new work


Sometimes I make photographs that remind me of a different, unrelated scene.  I think of them as metaphors.

For example, when I came upon a pile of grain at twilight I felt like I was looking at an ancient pyramid.  

Prairie Pyramid, Alberta, 2005

Lately, there have been several photographs like this.  

This one feels like a Mayan temple...  

Courtyard, Downtown Vancouver, 2015

this one like an arch left standing after a bombing raid...

like a signal graph...

Cowichan Bay, 2015

like a scene from an imagined future...

Another Courtyard, Vancouver, 2015

I suppose I could read this sort of metaphor into other photographs.  But these metaphors asserted themselves immediately and in a memorable way.  In addition to the one I posted at the beginning I can think of only one other photograph that feels as strongly metaphorical (see below) and it's from 2005 as well.  Four metaphorical photographs in quick succession is unusual, though perhaps just how it happened to happen. 

Prairie Sundial, Alberta, 2005

Scenes from an Imagined Future

Dystopian science fiction is having a moment.  But other common imaginings of future cities aren't very comforting either.  Modern and futuristic equates with cold and antiseptic.  

Visions of a utopian future appear in urban architecture.  Peter Carroll commented on this Vancouver photograph: "Great sci-fi vibe going on."  

Among the Towers, Vancouver, 2014

That thought lodged itself somewhere in my mind.  

Recently, I found myself in a business district courtyard bereft of people on a late Saturday afternoon.  I marvelled at another scene from an imagined future.

Courtyard, Downtown Vancouver, 2015

I've perhaps employed a bit of photographic sleight of hand to achieve the spatial ambiguity in these photographs.  I'm not manipulating the image after the fact, just exercising my license to choose what to include in the frame.  The scene is there to be found.  It appears as we've designed it.  

From Page Three to Top Three

I've been working on some longer posts but I keep getting stalled in various cognitive cul-de-sacs.  I've also been spinning a bit with the photographs.  The two things are no doubt related.  

With the photographs, I find it best to just make some pictures without worrying about notions like 'why the hell are you taking a picture of that?'.  So, I figure the blogging equivalent is to 'just post something'.

Shrouded, East Side, Vancouver, 2014

"Eric Fredine" is a unique name, so when I do a vanity search on Google for "Eric Fredine" I get results for me.  My various social media accounts rank highly mixed in with mostly photography related things.  

Shortly after publishing the web-site in November, it appeared on page 3 of the search results for "Eric Fredine".  Now it appears in the top three results.  Much credit is probably due to the algorithmic wizards at Google, the thoughtful design created by Squarespace and links from some of my photography friends.  It no doubt helps that I've linked to it generously from my other accounts confirming for Google that the website belongs to the same Eric Fredine.  Still, I found it interesting how quickly it rose.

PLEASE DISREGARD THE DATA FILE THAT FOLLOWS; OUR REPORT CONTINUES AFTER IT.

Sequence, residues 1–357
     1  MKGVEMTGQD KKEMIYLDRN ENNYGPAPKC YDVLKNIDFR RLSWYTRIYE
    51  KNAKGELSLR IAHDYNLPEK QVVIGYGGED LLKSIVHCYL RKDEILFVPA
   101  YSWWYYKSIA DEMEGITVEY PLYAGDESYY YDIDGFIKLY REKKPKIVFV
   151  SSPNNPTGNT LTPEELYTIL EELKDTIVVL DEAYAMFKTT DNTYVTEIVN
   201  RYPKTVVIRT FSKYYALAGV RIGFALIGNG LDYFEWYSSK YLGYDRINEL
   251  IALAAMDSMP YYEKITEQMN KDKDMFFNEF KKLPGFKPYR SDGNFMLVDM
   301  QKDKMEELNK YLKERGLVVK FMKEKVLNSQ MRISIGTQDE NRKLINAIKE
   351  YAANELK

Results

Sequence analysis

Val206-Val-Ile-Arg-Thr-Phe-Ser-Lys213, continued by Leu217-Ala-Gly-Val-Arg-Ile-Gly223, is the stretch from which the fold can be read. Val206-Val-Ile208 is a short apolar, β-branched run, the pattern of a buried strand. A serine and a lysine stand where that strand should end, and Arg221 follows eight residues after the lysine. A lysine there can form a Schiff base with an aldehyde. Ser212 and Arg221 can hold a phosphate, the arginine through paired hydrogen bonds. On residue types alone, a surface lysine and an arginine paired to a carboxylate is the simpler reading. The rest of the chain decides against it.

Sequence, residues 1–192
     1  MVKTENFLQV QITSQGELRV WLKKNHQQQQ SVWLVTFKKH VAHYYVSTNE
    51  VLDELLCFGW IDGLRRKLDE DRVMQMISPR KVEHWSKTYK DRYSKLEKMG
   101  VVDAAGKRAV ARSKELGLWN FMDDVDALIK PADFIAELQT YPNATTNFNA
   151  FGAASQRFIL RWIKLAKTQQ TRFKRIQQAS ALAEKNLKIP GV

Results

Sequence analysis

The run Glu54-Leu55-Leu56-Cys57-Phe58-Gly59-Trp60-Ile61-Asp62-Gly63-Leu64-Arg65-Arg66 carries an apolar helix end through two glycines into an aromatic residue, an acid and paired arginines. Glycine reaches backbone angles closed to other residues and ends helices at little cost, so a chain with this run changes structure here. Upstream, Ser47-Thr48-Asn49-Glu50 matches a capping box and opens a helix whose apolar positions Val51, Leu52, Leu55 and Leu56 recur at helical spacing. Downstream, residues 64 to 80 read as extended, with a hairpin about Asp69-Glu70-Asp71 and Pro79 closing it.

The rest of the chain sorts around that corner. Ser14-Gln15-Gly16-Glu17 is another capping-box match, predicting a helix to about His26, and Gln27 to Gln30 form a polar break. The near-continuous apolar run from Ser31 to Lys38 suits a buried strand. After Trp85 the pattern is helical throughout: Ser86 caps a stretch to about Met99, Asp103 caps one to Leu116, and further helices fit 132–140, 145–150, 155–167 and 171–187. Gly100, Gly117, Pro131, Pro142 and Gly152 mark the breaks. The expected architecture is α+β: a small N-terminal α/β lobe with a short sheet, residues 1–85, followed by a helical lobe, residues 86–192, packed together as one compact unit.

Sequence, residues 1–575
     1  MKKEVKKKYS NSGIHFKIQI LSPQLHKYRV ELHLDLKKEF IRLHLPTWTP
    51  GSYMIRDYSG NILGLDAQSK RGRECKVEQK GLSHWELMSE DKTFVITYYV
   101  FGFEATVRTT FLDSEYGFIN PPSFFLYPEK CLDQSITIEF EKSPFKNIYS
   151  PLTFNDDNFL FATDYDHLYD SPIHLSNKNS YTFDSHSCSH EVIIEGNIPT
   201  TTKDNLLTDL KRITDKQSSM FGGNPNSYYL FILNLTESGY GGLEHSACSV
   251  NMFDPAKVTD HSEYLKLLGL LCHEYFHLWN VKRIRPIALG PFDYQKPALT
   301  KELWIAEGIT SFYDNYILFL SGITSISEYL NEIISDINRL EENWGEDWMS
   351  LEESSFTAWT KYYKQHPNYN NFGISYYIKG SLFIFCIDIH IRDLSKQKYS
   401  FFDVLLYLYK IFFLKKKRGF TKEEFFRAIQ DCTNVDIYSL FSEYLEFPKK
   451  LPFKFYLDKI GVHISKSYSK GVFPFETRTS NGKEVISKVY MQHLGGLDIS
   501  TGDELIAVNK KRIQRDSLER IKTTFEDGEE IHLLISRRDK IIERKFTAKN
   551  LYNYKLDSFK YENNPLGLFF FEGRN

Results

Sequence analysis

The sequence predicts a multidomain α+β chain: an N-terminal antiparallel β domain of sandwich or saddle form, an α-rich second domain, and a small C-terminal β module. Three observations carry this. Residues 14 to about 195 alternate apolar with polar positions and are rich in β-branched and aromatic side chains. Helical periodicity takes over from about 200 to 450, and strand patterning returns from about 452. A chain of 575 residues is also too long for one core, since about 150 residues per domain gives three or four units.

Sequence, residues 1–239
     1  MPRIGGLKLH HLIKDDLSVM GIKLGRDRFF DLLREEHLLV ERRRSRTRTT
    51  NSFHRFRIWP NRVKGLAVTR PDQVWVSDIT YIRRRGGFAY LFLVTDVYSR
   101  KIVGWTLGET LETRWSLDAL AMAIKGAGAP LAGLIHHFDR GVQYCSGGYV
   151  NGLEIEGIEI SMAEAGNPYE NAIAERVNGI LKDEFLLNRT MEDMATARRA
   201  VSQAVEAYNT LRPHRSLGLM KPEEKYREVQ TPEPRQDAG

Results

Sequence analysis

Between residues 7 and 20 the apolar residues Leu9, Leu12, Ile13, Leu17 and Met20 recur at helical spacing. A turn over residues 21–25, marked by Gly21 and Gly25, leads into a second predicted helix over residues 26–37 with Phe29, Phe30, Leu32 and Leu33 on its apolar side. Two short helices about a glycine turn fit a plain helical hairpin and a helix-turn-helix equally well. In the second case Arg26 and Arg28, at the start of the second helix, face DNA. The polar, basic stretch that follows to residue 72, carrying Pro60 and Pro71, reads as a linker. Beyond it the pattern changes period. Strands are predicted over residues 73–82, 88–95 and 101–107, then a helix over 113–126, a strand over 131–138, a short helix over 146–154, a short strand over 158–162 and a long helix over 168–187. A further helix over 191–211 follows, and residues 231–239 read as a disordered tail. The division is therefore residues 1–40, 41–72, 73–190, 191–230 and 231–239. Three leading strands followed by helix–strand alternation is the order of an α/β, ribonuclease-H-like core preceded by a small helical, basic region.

Oh - and it seems to be the number one result on Bing.  So, hat-tip to the engineers at Microsoft as well!  

Howe and Drake, Downtown, Vancouver, 2015

There have been a lot of steps lately.  I can't tell if I should go with the flow or impose a moratorium.  

Stairs, South False Creek, Vancouver, 2015

Abstracts Revisited

Looking through the current City of Glass portfolio I was struck by the absence of alley photographs given the amount of time I've spent wandering them.  The cramped spaces and towering facades present a challenge to my compositional strategies.  In a similar vein, I was pondering how to tackle the cluttered ground level view of condominiums.  These thoughts had the possibly counter-intuitive effect of motivating me to make some abstract photographs.

Backside of the Mark, the Tallest Condo in Yaletown, Vancouver, 2014

Abandoned Frame, Vancouver, 2014

Azure II, Side View, Vancouver, 2014

Creeping Mold, Vancouver, 2014

Column Detail, Vancouver, 2014

This abstract, minimal look is achieved by excluding most context.  I enjoy making such abstracts.  But, I've been avoiding them because I worry they are little more than clever exercises in composition. 

As part of a project they may be more meaningful, because a new context is provided by the project.  So I'm revisiting them in the context of City of Glass

With such minimal photographs there is always the question of how little is too little.    

"Grill Detail" (below) removes so much context it's nearly impossible to tell what you're looking at without being told.  For the purposes of the City of Glass project I prefer photographs with a little more context.

"Column Detail" (above, from an apartment in the West End) may fall into the same category.  But I like how it contrasts with "Backside of the Mark" (at the top, from a condo in Yaletown) to illustrate differences between the West End and Yaletown.

Grill Detail, The Mark, Vancouver, 2014


Recently, I photographed a couple of demolition sites in Vancouver.  These light industrial and commercial areas are the last of their kind in areas that have already been substantially redeveloped.  Now, they too will make way for condominiums.  Once the new buildings have risen the transformation will be complete.  

Candidates for inclusion in a future revision of the City of Glass portfolio.   

Through the Veil, Vancouver, 2014

Demolition Site, Vancouver, 2014

Making Way, Vancouver, 2014

Exposed, Vancouver, 2014

Frosted Rubble, Vancouver, 2014